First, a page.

The moment you walk into the store you are greeted by intricate woodwork crafted from Burma teak wood by 50 artisans over four months. The terracotta tiles chosen for the flooring evoke a palace-like atmosphere.

At the center of the store, a handcrafted crystal chandelier hangs majestically, while the ceiling features a hand-painted depiction of the Taj Mahal and a Bengal tiger, created by an Iranian artisanal painter over seven days.

Image Credit: Yeshan Sarees

A Persian silk carpet adds further opulence to the floor, providing a cosy space for brides to discuss their dream outfits with the store’s staff.

According to them, Yeshan Sarees redefines luxury by focusing on the experience and the feeling it creates rather than the price.

“We invested a million ringgit into the interior design of our store, creating a beautiful
palace that set a new standard for boutiques in Malaysia. The confidence to take such a big risk came
from the wonderful community we had built,” they shared.

With 95% of their collection priced between RM120 and RM560, they aim to make every customer feel like royalty.

This attention to detail addresses the gap in the market for premium ethnic wear shopping environments in Malaysia, providing a memorable and luxurious shopping experience.

“It was intentional to provide a luxurious experience because Indian shoppers in Malaysia, especially for ethnic wear, are often deprived of this. Brickfields Little India, for example, is inaccessible to many races and lacks a premium shopping environment for Indians despite high prices,” the founders said.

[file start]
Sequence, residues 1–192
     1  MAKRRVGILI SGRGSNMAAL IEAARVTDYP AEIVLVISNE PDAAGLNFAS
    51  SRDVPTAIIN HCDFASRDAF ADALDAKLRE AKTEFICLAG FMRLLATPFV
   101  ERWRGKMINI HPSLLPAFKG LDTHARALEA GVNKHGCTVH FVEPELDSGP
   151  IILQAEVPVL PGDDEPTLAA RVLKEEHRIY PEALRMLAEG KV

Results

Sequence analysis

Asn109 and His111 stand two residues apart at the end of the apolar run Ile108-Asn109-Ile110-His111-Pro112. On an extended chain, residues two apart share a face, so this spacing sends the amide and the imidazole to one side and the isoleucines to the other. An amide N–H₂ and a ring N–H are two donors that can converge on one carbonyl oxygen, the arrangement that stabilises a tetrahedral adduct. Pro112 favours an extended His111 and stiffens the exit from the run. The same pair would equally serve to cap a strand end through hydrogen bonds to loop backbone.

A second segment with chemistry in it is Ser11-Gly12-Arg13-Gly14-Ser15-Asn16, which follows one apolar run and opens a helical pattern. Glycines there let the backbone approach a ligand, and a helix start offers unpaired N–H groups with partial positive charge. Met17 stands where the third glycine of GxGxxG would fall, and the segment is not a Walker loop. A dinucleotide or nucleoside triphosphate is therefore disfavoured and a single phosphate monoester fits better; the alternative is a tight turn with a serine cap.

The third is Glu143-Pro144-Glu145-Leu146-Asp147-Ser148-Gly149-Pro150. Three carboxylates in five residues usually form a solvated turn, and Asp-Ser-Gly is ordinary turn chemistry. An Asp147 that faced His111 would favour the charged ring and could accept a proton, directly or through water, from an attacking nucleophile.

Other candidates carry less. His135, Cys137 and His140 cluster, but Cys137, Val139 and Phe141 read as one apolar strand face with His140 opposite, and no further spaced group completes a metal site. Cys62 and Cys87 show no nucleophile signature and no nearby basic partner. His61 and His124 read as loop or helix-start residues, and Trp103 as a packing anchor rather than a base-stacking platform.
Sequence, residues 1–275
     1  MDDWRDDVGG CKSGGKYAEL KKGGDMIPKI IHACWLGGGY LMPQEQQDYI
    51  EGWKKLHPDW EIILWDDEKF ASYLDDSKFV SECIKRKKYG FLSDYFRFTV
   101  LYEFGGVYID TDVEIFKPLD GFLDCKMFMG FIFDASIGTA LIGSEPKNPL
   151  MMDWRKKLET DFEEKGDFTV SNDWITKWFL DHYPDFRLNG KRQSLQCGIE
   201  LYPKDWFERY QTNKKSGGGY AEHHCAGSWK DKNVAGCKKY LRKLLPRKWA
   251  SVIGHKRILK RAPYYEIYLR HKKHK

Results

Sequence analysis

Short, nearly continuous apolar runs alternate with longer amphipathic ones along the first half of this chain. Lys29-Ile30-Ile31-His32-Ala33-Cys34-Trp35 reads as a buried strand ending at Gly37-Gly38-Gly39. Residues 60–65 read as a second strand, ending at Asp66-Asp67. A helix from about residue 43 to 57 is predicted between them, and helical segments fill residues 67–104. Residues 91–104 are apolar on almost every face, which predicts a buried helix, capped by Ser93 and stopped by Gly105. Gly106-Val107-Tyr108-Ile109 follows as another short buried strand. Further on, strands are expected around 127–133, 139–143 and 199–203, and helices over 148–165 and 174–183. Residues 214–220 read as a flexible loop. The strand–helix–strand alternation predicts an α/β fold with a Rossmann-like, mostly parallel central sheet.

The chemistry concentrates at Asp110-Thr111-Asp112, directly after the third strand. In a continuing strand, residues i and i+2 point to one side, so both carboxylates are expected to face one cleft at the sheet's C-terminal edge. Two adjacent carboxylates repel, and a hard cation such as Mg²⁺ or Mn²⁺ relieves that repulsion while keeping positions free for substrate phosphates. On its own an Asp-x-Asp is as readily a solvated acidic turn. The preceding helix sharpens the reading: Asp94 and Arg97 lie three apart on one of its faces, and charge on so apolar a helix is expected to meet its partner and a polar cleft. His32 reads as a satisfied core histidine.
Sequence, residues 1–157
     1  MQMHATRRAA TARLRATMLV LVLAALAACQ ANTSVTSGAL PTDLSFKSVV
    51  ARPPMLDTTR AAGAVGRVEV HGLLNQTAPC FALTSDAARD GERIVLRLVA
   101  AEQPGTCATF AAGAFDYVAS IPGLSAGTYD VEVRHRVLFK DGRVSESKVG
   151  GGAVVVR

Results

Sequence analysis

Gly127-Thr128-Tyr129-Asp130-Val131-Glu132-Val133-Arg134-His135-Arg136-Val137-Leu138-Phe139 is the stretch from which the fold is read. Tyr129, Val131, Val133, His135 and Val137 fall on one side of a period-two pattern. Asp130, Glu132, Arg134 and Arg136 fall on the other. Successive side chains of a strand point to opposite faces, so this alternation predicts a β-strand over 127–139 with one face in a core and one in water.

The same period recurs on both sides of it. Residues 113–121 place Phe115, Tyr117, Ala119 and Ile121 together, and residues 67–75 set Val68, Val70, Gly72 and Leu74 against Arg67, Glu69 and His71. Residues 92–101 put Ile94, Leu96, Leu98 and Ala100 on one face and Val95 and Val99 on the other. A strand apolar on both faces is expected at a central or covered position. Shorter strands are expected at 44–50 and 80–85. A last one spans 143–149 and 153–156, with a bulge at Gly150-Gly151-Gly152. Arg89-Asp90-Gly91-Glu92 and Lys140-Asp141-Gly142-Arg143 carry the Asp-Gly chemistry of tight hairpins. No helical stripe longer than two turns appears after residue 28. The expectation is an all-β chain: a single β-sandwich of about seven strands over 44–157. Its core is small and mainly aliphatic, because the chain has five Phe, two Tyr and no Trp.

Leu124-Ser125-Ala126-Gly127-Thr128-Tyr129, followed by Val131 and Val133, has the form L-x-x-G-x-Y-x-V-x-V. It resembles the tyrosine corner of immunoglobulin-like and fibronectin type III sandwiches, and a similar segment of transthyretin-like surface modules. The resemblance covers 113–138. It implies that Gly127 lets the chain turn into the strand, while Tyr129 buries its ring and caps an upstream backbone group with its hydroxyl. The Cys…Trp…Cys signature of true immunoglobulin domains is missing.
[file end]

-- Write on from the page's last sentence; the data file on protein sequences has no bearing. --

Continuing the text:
Besides, Yessh and Mir’s sarees come from five different states of India, each bringing a unique flair to their collection—northern fusion, modern banarasi, Maheshwari handloom, Bengal looms, and south classics.

Their ready-to-wear collection is designed with the latest trends in mind, often inspired by what’s hot on Instagram and in Bollywood shows and movies. They’ve got kurtis, lehengas, and Anarkalis, all produced in their own manufacturing unit in northern India. They also have in-house embroidery, digital print, and foil print machines.

“During our initial years of exploring and understanding fabrics, we made multiple trips to India. Now, we travel whenever necessary for inspections,” they shared.

Image Credit: Yeshan Sarees

Bridging gaps in the market

Yeshan Sarees tackles several issues in the Malaysian ethnic wear market.

They combat the prevalence of fake products by educating customers on the authenticity and origin of each saree and promoting informed buying.

“While there are many saree sellers in Malaysia, over 95% are merely traders who buy from India and sell locally without controlling the quality or authenticity. This often leads to fake products being sold as luxurious Indian sarees,” said Mir.

According to them, the quality of Indian ethnic wear sold in Malaysia is often disappointing. Many items are rejected surplus from India and sold at inflated prices.

Plus, there aren’t many stores where people from other races can come, ask questions, understand the culture and products, and leave happy.

“The current Indian ethnic market in Malaysia isn’t welcoming to other races. Malays and Chinese clients admire Bollywood and Indian attire but often feel clueless about the culture,” Mir said.

Hence, they aim to change that by making Indian ethnic wear accessible to all races, allowing everyone to enjoy and embrace the culture.

Image Credit: Yeshan Sarees

Each product sold is carefully curated and made under their supervision, further distinguishing their brand and giving them a competitive edge in the market.